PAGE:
With the recent conclusion of the wars in Iraq and Afghanistan, the Army is at an inflection point. Multiple efforts, led in part by Army Futures Command, look to modernize how we fight. Gen. James C. McConville highlights efforts in his Chief of Staff of the Army Papers, stating that the future fight will be multi-domain, fast-paced, and technology-driven. One of many key components to this transition will be how the sustainment community adapts to new technologies, challenges problem sets, and rapidly incorporates these concepts into our professional military education (PME). The general officers and command sergeants major of 2035 are currently in the pipeline and must have the ability to wield these critical concepts and capabilities that maximize the use of developing artificial intelligence platforms and other advanced data analytics to make rapid decisions on theater resource allocations in support of their geographic combatant commander. That training and understanding must begin now. While many of the technologies of 2035 are still in development, there is plenty that the sustainment community can focus on now to build a bedrock of understanding as we continue to transform and incorporate data-driven concepts into our training and doctrine.
Importance of Data
Data is only as good as the source. Currently, most of our data points are manually input by supply or maintenance clerks, copied and pasted from logistics status (LOGSTAT) reports, or based on historical estimates. We essentially are an analog logistics community, and this lowest echelon of data is the most critical. We rely upon our most junior leaders to serve as the quality control of information used to make countless decisions.
Lieutenants and sergeants are critical to minimizing manual data entry errors. Their understanding of the importance of clean and accurate data is a vital step in our transformation to an Army soon to be more data reliant than ever. Thus, sustainers at the platoon level will need to serve as filters, monitoring their Soldiers’ data collection and input. These platoon-level leaders will need to ensure systems and processes that result in sufficiently clean data gathered in LOGSTATS and the use of systems of record such as Global Combat Support System-Army (GCSS-A). This data will enable the cutting-edge data analytics technology of 2035 to make accurate predictions which will in turn aid in gaining an advantage in unified land operations over near-peer competitors in large-scale combat operations.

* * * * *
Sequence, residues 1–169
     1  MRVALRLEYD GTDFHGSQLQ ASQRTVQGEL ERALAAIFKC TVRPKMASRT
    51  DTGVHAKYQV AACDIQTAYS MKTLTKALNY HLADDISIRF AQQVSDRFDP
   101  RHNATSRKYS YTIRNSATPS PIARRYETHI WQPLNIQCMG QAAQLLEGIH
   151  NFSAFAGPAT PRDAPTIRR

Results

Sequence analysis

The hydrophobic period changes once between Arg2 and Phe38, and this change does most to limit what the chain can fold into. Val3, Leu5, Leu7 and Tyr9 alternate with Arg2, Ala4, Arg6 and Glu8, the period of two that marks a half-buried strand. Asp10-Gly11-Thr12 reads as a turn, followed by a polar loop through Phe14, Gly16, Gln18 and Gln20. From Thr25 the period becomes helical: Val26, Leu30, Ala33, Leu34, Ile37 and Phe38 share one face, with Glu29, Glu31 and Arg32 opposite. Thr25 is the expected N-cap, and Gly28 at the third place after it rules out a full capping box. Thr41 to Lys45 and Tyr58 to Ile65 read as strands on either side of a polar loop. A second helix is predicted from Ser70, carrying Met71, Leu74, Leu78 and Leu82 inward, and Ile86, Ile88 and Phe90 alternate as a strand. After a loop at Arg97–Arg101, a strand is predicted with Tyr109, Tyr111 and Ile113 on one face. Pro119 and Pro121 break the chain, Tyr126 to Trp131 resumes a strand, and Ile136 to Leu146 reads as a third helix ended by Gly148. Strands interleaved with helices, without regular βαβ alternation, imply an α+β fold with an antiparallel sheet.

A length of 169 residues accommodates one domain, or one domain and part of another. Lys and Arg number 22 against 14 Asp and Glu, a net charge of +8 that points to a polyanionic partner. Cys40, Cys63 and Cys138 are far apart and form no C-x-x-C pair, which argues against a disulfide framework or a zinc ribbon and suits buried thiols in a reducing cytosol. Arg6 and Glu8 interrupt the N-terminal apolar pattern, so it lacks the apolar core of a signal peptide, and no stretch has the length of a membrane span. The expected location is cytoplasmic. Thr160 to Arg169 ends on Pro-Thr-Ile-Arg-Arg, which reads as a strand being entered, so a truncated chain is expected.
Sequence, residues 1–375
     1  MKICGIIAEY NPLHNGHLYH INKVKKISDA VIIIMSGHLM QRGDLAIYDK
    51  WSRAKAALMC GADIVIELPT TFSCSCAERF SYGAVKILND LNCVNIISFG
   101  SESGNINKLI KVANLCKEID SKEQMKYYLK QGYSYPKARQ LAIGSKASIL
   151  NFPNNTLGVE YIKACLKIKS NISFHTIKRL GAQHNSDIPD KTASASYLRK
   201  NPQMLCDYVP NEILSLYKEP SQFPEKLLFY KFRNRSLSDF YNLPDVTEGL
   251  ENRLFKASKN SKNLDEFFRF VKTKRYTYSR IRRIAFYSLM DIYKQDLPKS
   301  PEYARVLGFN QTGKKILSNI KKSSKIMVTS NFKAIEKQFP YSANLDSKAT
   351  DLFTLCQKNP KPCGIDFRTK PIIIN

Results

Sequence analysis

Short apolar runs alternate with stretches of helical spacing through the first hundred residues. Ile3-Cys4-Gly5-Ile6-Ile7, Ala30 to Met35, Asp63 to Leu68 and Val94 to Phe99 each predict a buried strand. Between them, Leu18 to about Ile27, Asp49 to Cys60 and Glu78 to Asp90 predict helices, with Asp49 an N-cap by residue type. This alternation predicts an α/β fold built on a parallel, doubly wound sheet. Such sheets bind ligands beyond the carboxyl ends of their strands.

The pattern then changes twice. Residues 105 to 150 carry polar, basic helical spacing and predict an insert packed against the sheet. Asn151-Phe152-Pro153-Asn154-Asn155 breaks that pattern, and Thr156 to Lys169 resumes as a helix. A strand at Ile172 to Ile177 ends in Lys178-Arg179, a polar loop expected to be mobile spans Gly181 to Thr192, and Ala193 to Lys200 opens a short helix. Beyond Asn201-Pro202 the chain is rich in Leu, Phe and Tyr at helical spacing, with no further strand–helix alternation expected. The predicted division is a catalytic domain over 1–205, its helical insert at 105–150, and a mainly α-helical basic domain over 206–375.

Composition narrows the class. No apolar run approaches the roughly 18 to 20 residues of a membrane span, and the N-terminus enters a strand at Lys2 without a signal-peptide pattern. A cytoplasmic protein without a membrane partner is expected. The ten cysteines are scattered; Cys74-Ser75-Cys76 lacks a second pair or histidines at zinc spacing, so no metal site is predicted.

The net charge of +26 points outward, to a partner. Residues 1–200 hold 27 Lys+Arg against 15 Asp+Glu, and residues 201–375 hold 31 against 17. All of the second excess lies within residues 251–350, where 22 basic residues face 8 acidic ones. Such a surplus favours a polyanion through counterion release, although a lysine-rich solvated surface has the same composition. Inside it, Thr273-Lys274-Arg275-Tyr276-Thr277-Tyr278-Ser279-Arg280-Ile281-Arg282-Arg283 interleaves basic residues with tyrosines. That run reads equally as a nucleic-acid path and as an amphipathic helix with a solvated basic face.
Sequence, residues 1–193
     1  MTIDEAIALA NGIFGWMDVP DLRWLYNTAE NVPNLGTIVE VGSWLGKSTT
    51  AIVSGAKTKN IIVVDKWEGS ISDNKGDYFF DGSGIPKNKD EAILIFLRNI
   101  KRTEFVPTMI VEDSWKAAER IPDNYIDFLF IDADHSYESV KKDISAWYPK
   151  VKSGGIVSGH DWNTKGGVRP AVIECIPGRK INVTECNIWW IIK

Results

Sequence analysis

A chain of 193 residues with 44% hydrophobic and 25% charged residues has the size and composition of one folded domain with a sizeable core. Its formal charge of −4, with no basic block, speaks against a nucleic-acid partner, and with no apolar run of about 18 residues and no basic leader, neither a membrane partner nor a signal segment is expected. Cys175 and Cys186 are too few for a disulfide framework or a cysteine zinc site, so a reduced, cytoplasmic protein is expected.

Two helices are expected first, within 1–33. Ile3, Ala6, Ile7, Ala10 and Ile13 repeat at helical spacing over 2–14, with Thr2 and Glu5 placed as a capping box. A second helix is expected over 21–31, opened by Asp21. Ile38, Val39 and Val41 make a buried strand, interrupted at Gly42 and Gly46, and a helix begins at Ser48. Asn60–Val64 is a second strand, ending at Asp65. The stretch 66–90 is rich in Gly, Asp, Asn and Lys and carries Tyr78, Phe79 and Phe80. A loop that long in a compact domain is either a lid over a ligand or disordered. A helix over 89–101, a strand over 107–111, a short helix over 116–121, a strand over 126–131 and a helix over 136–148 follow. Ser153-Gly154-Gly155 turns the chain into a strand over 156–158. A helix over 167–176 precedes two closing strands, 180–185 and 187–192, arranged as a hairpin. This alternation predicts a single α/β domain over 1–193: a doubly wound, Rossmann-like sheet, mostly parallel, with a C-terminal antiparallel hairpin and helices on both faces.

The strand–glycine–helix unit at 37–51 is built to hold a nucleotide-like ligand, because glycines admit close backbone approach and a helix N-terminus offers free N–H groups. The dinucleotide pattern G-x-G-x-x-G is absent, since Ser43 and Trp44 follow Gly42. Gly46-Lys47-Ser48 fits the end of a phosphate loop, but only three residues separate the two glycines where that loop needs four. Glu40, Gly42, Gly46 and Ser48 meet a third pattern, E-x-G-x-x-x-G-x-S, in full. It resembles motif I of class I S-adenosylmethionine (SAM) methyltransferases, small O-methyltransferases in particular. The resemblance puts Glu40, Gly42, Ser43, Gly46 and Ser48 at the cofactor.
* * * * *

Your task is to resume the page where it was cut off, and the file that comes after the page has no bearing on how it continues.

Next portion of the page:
Leaders Are the Impact on Logistics
Artificial intelligence (AI) offers the prospect of analyzing trends and predicting needs faster and more accurately than the human element. AI promises to take over mundane tasks and free up humans to develop insights and drive decision-making. Predictive maintenance systems being fielded in new and emerging equipment aim to increase the quantity and quality of data in reporting. Implementing human-machine teaming decision-making structures in the commercial sector has shown significant increases in demand forecasting and inventory accuracy that Army logisticians need to be prepared to incorporate into daily planning and operations effectively.
We will need to go beyond the traditional construct of the stationary concept of supports and planning and learn to rapidly incorporate and adapt to growing changes on the battlefield in real-time. The data inputs will increase as we continue to modernize, but the first and last meter of logistics will remain a human element. From preventive maintenance checks and services, parts requisition, or input validation in LOGSTAT, the first meter will remain a human element: a Soldier inputting data into GCSS-A or the LOGSTAT. At the last meter, the human element is a leader reviewing a recommended decision generated with the power of AI and mediated with human intuition. We must start setting conditions for this process now.
Our combat training centers (CTC) could be key to rapidly transform how we get leaders to think about data and its incorporation into the decision-making process on a grander scale. The National Training Center (NTC) at Fort Irwin, California, is uniquely postured to collect, capture, and analyze multiple data sets in a short amount of time using the Training Analysis Feedback Facility. These dedicated sections within the operations group hold a vast repository of data. With deliberate guidance, they could adjust when and how they collect data in conjunction with the observer/controller on the ground with the rotational training unit.
Deliberate injects based on data collected during the force-on-force portion of the rotation can instill awareness, incorporating deliberate training during a unit’s leader training program, usually six months before the rotation, to get organizations thinking about the critical data points needed to make decisions at echelon. This would serve as a rudimentary introduction to the data handling requirements on the horizon.